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Iceman May Have No Living Relatives

Rebecca Carroll
for National Geographic News
October 30, 2008
 
The oldest intact human mummy, the Iceman, comes from a genetic line that has either died off or become extremely rare, according to a new DNA study.

The 5,200-year-old Ötzi was discovered frozen in a glacier along the border between Austria and Italy in 1991.

Since then, scientists have investigated everything from the cause of his death at about age 46 to the material of his clothing and the contents of his last meal.

The latter study involved samples from his intestines that also included his DNA.

New analysis of a mere 0.002 ounces (70 milligrams) of this intestinal material has allowed scientists for the first time to sequence Ötzi's complete mitochondrial DNA.

Mitochondrial DNA is passed from mothers to their offspring, and although it can accumulate mutations, part of it usually remains unchanged, making it useful for tracing lineage through mothers.

(Learn about DNA.)

Mutations in Ötzi's mitochondrial DNA formed "a unique subcluster within a known European lineage," said lead author Franco Rollo of the University of Camerino in Italy.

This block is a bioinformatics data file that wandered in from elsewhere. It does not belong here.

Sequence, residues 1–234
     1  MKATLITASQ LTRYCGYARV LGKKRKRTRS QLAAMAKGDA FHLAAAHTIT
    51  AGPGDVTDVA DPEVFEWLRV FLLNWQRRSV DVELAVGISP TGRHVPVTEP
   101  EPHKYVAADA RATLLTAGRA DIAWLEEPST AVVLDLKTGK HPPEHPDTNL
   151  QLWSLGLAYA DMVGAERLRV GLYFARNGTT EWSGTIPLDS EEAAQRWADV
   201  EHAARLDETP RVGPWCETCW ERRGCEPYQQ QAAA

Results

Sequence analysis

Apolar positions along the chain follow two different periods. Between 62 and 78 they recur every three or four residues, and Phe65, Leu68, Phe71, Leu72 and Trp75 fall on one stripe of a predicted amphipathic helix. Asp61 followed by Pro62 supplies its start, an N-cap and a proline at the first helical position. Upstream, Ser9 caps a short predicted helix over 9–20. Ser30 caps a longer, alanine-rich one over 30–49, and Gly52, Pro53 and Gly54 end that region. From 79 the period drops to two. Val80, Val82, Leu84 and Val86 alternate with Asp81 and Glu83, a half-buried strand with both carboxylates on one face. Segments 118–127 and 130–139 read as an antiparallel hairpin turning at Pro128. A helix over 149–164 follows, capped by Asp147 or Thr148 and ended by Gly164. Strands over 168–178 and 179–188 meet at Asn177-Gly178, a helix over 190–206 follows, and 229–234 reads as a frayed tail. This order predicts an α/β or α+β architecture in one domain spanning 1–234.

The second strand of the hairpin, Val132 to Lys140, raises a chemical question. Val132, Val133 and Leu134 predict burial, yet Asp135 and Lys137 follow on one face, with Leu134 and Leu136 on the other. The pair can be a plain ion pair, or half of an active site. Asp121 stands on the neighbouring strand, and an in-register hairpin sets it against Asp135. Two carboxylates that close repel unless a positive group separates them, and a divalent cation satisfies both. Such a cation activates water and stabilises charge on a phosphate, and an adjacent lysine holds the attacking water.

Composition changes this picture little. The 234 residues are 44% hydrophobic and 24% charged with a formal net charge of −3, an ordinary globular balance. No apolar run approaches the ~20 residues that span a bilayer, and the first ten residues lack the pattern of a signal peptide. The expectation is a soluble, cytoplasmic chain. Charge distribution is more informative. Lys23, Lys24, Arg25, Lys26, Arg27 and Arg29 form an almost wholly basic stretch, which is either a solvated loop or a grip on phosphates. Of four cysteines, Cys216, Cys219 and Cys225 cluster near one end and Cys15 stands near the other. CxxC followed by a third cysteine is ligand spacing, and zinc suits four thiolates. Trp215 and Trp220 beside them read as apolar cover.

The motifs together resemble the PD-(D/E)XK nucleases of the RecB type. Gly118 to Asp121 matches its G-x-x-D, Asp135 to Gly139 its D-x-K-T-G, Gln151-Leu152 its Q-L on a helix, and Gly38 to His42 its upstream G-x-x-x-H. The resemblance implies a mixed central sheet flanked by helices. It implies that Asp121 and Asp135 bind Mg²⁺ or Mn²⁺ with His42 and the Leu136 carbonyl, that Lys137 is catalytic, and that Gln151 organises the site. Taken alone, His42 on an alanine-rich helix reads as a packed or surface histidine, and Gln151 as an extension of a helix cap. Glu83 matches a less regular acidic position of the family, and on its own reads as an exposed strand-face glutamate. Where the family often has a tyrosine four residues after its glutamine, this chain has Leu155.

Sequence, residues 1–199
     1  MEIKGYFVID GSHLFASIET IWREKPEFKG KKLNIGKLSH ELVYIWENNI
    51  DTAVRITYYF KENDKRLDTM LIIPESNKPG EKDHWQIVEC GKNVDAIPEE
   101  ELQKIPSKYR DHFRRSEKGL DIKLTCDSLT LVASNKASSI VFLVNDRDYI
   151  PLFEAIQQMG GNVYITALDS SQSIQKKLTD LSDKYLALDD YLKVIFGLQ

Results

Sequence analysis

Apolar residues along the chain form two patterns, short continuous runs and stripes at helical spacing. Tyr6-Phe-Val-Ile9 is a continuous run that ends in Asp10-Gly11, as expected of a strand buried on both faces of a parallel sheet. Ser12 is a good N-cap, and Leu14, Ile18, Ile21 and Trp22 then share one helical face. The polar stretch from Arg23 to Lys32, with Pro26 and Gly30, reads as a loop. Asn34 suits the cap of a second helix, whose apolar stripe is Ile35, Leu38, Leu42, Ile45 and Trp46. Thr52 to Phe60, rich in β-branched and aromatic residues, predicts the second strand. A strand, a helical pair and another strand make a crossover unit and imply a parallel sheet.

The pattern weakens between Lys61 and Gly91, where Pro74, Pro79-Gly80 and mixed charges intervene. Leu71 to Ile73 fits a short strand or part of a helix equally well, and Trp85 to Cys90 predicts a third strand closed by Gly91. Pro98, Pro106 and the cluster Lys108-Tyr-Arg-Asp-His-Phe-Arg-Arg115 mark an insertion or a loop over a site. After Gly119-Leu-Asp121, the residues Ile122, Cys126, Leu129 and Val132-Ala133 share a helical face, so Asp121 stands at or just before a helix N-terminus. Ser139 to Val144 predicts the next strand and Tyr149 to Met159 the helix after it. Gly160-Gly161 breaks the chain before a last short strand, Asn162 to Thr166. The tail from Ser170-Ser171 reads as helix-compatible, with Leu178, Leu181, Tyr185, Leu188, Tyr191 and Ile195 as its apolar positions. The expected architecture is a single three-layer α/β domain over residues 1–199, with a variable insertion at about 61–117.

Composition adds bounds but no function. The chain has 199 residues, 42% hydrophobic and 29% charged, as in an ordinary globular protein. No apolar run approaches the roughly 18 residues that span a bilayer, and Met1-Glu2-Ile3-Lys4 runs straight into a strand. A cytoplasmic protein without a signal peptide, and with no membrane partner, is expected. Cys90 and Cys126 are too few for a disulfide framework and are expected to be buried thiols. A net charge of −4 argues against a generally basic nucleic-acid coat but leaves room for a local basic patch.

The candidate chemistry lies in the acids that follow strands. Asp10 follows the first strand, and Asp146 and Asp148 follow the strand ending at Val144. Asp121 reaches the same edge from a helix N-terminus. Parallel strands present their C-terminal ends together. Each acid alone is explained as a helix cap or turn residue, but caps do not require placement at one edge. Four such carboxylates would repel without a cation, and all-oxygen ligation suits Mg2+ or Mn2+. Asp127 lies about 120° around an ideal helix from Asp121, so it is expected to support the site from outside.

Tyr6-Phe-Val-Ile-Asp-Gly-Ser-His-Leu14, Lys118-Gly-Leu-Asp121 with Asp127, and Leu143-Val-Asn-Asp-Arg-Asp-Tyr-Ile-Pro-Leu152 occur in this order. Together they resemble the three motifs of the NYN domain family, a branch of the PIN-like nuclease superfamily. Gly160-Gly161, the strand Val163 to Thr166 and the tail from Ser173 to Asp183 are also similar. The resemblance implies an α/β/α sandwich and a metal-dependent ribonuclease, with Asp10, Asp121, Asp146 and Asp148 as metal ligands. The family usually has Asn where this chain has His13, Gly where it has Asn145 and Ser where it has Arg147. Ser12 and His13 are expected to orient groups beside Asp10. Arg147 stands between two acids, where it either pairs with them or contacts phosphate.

However, the Iceman's line became, "if not extinguished, extremely rare" during the last 5,000 years, Rollo said.

The research was published online today in the journal Current Biology.

Finding Descendants

Ötzi possessed the oldest modern human mitochondrial genome produced so far, noted co-author Martin Richards of the University of Leeds in the U.K.

"His lineage actually diverged from its nearest modern relatives about 20,000 years ago, by the looks of it," Richards said.

The scientists plan to look at the Iceman's Y chromosome DNA, which is passed on by fathers.

"He would never have had any [direct] descendants on the mitochondrial DNA side anyway, because he's a man," Richards said.

The mitochondrial DNA at best could link him to distant relatives—descendants of a sister or aunt, perhaps.

The scientists also plan to gather more genetic lines from people living in the region.

"At the present state of knowledge, no one can claim to be the descendant of Ötzi, but who knows …" Rollo said by email.

Not That Surprised

Anne Stone of Arizona State University has studied the Iceman's DNA but was not involved with this study.

She said the work is interesting, but the complete genome of only one sample limits what can be gleaned—a concern the study authors share.

"I am not that surprised that his lineage is somewhat different from other … European lineages and may have died out," Stone said.

I am sure that as additional complete mitochondrial genomes from Europeans of similar lineages are sequenced, we will know more about how his fits in with modern sequences, she said by email.

(Explore a time line of human migration.)

"I don't know that similar sequences will necessarily be found in the Alps," she said, adding that "there has been a lot of migration over the last 5,000 years."
 

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